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Deadly Decoys - True Costs Of Counterfeit Goods
Posted By: Nancy Cogliandro, Marketing Director, PKB (Nancy, pacamor at msn dot com) 04/26/2011
Deadly Decoys - Counterfeit Goods
This weekend, CNBC ran a very interesting special about counterfeiting; where the money goes, who benefits from it, who suffers from it. Worth watching. This is a very important subject to many reputable domestic ball bearing manufacturers, which includes everyone at Pacamor Kubar Bearings (PKB). It is worth sharing, not only the highlights, but also a link to the entire video with our customers, vendors, and other friends in the industry.
The largest underground industry in the world, CNBC goes inside a global crime spree putting our economy and jobs at peril…and lives at risk. “Counterfeit products can melt, blow up or even burst into flames. Everyday items that look legit may actually be deadly decoys,” CNBC’s Carl Quintanilla introduces the special “Crime Inc: Counterfeit Goods” episode. Link to video: http://video.cnbc.com/gallery/?video=1569041504
Whether or not you have time to watch the entire 43 minute show, please check out the segment on real risks to the Aerospace community and our US Military.
Here is a transcript of the Aerospace and Military segment starting on 21:30:
Funding terrorism is just one way counterfeit products threaten national security. The US Armed Forces also face a clear and present danger from counterfeits in the military supply chain. When parts need to be military grade, even the smallest bolt can cause serious problems.
Walt Tomczykowski, Aerospace and Defense Advisor: “Counterfeit parts may look exactly the same but they won’t operate the same. They might corrode faster. They may stretch when used under certain conditions.”
The problem has become surprisingly widespread. Two recent cases involve counterfeit memory chips at nuclear facilities. And counterfeit computer parts intended for systems that would handle sensitive military intelligence. Both times the substandard equipment was discovered before a serious incident occurred.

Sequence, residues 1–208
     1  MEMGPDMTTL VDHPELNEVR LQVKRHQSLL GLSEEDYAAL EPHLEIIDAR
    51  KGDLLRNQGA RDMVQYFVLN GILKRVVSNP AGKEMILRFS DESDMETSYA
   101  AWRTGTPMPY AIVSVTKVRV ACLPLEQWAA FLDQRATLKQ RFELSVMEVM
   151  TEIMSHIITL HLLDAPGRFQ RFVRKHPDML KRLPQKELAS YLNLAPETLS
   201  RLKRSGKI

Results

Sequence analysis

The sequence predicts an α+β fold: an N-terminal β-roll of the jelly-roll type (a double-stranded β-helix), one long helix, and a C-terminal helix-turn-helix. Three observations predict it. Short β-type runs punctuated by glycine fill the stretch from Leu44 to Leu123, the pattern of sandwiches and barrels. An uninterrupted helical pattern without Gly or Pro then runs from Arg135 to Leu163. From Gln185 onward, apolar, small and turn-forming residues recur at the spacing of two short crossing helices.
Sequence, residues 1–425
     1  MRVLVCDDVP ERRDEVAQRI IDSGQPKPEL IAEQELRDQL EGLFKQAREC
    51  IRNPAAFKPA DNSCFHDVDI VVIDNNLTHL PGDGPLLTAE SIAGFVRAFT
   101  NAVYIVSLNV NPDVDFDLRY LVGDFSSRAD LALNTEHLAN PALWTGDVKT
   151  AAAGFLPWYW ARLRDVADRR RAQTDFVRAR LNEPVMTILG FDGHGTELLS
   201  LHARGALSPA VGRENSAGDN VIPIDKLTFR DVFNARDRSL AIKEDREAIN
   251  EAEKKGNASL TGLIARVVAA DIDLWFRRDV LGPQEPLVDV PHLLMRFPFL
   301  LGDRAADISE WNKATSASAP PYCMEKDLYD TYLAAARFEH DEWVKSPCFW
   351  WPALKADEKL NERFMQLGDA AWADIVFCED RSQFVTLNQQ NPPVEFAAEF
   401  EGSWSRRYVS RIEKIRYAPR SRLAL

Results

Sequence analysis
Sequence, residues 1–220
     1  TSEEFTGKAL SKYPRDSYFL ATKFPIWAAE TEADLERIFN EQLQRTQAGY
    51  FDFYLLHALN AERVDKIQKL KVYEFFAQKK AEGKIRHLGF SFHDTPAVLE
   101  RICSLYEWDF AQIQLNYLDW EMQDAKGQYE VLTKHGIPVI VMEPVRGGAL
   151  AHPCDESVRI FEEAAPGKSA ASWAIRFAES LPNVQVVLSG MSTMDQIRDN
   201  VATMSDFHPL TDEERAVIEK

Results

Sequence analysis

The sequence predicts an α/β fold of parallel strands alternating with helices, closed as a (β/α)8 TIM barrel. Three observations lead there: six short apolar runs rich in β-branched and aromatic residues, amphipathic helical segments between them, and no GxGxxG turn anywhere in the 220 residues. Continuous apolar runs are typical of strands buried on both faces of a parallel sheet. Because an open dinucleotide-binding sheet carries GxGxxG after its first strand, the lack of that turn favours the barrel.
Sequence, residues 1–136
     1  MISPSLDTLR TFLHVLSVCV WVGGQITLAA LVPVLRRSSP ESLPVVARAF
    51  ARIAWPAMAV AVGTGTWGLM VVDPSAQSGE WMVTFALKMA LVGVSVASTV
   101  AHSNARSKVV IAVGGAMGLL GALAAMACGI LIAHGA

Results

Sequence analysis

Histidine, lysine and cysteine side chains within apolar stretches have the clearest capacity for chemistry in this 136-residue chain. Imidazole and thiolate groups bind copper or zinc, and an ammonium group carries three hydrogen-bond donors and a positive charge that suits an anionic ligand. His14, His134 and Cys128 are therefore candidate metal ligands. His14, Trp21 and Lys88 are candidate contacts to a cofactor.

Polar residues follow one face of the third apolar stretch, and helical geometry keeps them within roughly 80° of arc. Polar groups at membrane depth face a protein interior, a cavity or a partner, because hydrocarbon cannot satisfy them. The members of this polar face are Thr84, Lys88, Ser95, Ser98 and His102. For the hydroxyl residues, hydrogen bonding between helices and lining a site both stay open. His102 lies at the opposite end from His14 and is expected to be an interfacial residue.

In 2003, counterfeit o-rings and engine seals needed for aircraft, tanks and weapons were uncovered in military parts depots in Iraq.
Peter Outerbridge, Assistant US Attorney: “The materials in question were of critical importance because they had to withstand extreme tolerances both in terms of heat and pressure. And it turned out that in many of the cases it was essentially windshield wiper rubber.”
The bogus parts were traced back to a civilian military supplier named Ralph Cooper. Military investigators discovered that Cooper had contracted a company in Taiwan to make lookalike parts on the cheap.
Outerbridge: “The parts in question appear to have cost him no more than a dollar a piece to obtain. He charged the Defense Department $54,000. Obviously, the mark up on his end was astronomical.”
Cooper served less than three years in prison for dealing in counterfeit aircraft parts. But scams like his continue to trouble the military. With US Armed Forces heavily engaged around the world, the implications from counterfeit parts could be devastating.
Tomczykowski advises: “If you’re not aware that counterfeit parts are out there, if you’re not doing incoming inspection, if you’re not testing, if you’re not going to known, trusted suppliers as much as you can, then they can creep, just like a weed, into your systems.”
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Other snippets of useful information
According to a report from US Customs and Border Protection, 79% of counterfeit goods seized by authorities in 2009 came from China. The country that came in an extremely distant second place was India, with 9% of all counterfeit goods seized. The top item that was counterfeited in 2009 was footwear, which accounted for 38% of seized goods that infringed upon intellectual property rights.
Counterfeit tourniquets have been found in an Afghan army supply warehouse. Although it isn't known how they actually got there, the US provides a great deal of the Afghan military's equipment, making it a distinct possibility that the fake goods were purchased by the US military on the Afghan army's behalf. Understandably, officials are concerned that the fake tourniquets could one day make it into Defense Department supply channels and onto the battlefield. This would likely have fatal results - according to Colonel John Kragh of the US Army Institute of Surgical Research, the tourniquets were "fairly crude and could not possibly work."
Fake handbags, watches, shoes and perfumes. The business of Counterfeit Goods is the largest underground industry in the world. Hundreds of billions of dollars are generated while sapping the economy, putting lives in jeopardy, and funding organized crime in the process.
Consumer Electronics had a 2009 Domestic Seizure Value of $31.77 million which represented 12% of the total seizure for that year.
CNBC’s "Crime Inc.: Counterfeit Goods," takes viewers on a rare look inside a global crime spree, where the goods are produced and confiscated in a world of high-risk and high-reward. Host Carl Quintanilla takes you on raids with the LAPD anti-counterfeiting unit, inspections at ports, and back-room factories where counterfeits are produced. Meet a company whose whole brand was copied, and the story of a defense contractor who counterfeit defense parts that found their way into weapons depots in Iraq. At around 7% of all global trade, Counterfeit Goods are a big business with low overhead. It makes too much money to go away any time soon.